Walking around, I was overcome by the same sense of sadness mixed with rage that I felt when reporting in Pyongyang. I knew it was a kind of “Truman Show,” but I couldn’t see the edges of the set. I could see a blankness in people’s eyes and feel a palpable heaviness in the air.

Had any of the people I saw in Kashgar this month been affected by the “reeducation” campaign? Almost certainly. But I couldn’t ask them. Just as in Pyongyang, I didn’t try to interview people on the street or in stores, as I would do anywhere else in the world.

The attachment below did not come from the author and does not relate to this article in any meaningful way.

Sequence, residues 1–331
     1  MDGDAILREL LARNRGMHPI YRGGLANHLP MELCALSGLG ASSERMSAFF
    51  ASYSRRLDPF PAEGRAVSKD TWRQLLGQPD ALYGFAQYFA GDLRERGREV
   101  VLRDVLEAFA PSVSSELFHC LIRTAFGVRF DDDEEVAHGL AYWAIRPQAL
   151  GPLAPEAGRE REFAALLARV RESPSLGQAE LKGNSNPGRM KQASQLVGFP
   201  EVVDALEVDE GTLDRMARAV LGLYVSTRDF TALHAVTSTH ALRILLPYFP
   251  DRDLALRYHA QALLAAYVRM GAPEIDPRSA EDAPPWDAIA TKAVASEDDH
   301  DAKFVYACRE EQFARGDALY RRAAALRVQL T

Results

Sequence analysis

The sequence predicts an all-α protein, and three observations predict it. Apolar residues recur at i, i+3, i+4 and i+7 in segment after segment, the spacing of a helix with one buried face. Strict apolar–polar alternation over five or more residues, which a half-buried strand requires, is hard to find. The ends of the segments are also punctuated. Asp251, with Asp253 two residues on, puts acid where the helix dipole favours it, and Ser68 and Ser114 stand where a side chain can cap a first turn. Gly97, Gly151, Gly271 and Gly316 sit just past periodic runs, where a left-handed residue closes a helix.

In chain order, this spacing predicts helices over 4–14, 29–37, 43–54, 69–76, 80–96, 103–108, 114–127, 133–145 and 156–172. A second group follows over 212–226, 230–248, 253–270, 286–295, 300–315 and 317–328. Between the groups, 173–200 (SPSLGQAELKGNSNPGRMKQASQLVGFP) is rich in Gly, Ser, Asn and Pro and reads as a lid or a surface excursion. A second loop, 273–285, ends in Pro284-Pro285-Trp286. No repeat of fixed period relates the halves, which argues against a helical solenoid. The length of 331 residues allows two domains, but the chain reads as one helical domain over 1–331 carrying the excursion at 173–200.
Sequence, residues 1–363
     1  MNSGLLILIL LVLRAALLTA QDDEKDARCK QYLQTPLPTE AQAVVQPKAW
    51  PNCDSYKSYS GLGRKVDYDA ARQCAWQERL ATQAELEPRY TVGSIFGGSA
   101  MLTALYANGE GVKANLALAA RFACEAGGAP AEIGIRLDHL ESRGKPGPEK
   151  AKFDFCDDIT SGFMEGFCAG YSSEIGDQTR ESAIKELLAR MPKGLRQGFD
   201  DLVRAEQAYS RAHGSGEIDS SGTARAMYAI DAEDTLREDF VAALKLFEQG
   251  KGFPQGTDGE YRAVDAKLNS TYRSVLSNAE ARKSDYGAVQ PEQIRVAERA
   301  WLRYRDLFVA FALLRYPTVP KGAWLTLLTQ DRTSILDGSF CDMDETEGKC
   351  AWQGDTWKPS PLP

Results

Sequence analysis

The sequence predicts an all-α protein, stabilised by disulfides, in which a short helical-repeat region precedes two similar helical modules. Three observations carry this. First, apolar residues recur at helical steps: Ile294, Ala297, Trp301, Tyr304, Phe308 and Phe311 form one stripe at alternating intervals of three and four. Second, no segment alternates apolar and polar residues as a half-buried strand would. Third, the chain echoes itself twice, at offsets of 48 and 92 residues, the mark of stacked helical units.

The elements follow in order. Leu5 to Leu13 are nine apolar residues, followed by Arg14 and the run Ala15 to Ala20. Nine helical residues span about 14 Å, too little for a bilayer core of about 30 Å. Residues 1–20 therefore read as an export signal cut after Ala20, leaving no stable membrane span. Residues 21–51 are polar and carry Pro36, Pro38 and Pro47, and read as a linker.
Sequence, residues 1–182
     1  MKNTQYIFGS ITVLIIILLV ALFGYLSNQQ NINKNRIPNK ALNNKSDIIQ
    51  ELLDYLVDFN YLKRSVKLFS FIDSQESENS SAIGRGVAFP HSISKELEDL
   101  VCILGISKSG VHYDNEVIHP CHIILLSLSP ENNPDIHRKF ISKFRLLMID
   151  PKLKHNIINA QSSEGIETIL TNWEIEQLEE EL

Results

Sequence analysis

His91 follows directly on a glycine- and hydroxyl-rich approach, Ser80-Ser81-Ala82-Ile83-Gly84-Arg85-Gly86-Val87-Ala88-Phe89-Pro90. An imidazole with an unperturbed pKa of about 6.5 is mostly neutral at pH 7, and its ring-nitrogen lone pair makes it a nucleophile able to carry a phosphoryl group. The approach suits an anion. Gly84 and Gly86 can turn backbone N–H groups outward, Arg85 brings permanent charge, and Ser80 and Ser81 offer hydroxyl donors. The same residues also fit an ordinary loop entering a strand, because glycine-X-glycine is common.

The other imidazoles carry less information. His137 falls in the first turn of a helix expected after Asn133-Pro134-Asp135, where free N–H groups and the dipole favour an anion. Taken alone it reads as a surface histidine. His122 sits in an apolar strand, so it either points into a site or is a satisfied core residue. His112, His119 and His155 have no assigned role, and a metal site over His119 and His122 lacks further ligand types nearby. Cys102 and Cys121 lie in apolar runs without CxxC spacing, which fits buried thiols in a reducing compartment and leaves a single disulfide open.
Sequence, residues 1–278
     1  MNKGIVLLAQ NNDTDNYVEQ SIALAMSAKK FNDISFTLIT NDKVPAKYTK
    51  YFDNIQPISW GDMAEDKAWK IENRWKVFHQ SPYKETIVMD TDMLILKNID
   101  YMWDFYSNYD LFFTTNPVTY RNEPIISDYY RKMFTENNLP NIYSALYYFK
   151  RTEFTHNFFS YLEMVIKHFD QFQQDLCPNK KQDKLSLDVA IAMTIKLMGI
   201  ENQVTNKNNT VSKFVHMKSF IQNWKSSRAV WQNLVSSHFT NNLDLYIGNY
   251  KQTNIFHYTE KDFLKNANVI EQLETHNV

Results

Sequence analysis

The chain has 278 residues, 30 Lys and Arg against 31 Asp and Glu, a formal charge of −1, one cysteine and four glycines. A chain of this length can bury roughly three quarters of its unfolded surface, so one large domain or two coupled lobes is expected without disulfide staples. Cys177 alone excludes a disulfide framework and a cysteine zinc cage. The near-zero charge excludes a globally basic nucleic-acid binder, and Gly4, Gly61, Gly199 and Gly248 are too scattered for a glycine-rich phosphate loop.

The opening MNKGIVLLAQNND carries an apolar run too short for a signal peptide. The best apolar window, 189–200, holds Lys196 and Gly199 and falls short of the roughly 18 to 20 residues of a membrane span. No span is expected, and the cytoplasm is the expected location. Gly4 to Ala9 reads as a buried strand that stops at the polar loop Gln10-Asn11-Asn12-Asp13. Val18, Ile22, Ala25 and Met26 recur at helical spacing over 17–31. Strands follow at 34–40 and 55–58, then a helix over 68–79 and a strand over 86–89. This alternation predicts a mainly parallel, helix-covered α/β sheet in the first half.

Doing so could place those people in grave danger if it was discovered they had talked to a foreigner, and a foreign journalist no less. I would have loved to talk to someone who had been through the camps — but I was conscious of the risks I posed to people if I tried to discuss sensitive subjects. Or talk to them at all.

So I did something anathema to a journalist: I didn’t strike up conversations on the street. I didn’t ask questions in stores or parks or taxis. Except for arguments with security officials, I didn’t dig. All I could do was watch and be watched.